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NATO: German, Dutch Patriot Missiles Arrive in Turkey

Jan. 21, 2013 - 08:02AM   |  
By AGENCE FRANCE-PRESSE   |   Comments
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ANKARA — Four batteries of Patriot missiles arrived in Turkey on Jan. 21 as part of a NATO mission to protect the Turkish border from any spillover of the conflict in neighboring Syria, a NATO source told AFP.

A ship carrying two German Patriot missile batteries anchored at the southwestern port of Iskenderun early Jan. 21, and its cargo was being unloaded, the source said on condition of anonymity. A second ship bearing another two Patriot missile batteries from The Netherlands also arrived at Iskenderun after a two-week journey, waiting behind the German ship to unload its cargo and 300 support troops, the source said.

NATO insists the measure is purely defensive.

“We hope the mission will not take too long,” a German colonel was quoted as saying by the private NTV television at the port of Iskenderun. “If we are wanted to stay longer, we will do that,” he said, speaking in English.

The United States has also begun deployment of two Patriot surface-to-air missile batteries to contribute to the mission, which NATO says will be operational by early February. Its first shipment arrived by air earlier this month at Incirlik Air Base in Turkey’s southeast. Additional equipment will be sent by sea later in January.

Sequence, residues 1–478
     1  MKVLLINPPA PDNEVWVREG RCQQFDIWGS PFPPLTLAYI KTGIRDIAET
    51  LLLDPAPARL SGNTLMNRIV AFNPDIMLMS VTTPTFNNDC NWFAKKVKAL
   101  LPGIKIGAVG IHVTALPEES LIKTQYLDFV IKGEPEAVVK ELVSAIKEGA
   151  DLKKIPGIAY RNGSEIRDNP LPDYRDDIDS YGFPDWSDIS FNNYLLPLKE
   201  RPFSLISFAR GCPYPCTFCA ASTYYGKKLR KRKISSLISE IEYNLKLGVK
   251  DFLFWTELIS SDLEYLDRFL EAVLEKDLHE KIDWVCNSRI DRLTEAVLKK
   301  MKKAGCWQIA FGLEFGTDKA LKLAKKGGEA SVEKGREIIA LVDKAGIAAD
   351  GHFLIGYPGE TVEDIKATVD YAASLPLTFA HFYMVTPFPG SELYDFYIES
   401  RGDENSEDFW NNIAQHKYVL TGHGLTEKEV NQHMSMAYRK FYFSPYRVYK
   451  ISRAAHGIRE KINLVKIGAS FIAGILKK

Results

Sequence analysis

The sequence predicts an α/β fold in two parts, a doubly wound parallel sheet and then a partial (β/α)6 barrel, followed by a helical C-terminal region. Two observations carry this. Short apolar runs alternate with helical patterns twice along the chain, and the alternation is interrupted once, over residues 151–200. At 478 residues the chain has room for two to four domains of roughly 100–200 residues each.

The U.S. Patriots “are in Incirlik still,” Peter Woodmansee, missile defense chief of the U.S. European Command, told AFP. “They will move to Gaziantep once the Turkish military finishes preparing the site. I estimate in another five to seven days or so,” he said.

The Americans will be based at Gaziantep, 50 kilometers (30 miles) north of the Syrian border. The six batteries of the U.S.-made missiles, effective against aircraft and short-range missiles, will be deployed in the southern city of Adana and the southeastern cities of Kahramanmaras and Gaziantep, along with 350 troops from each contributing nation.

Turkey requested help from its NATO allies after shells landed on its border areas from Syria in October, killing several villagers. NATO approved their deployment in December, saying the use of ballistic missiles by the Syrian regime posed a threat to Turkey. But Syria’s allies Iran and Russia oppose the Patriot deployment, fearing that it could spark regional conflict also drawing in NATO.

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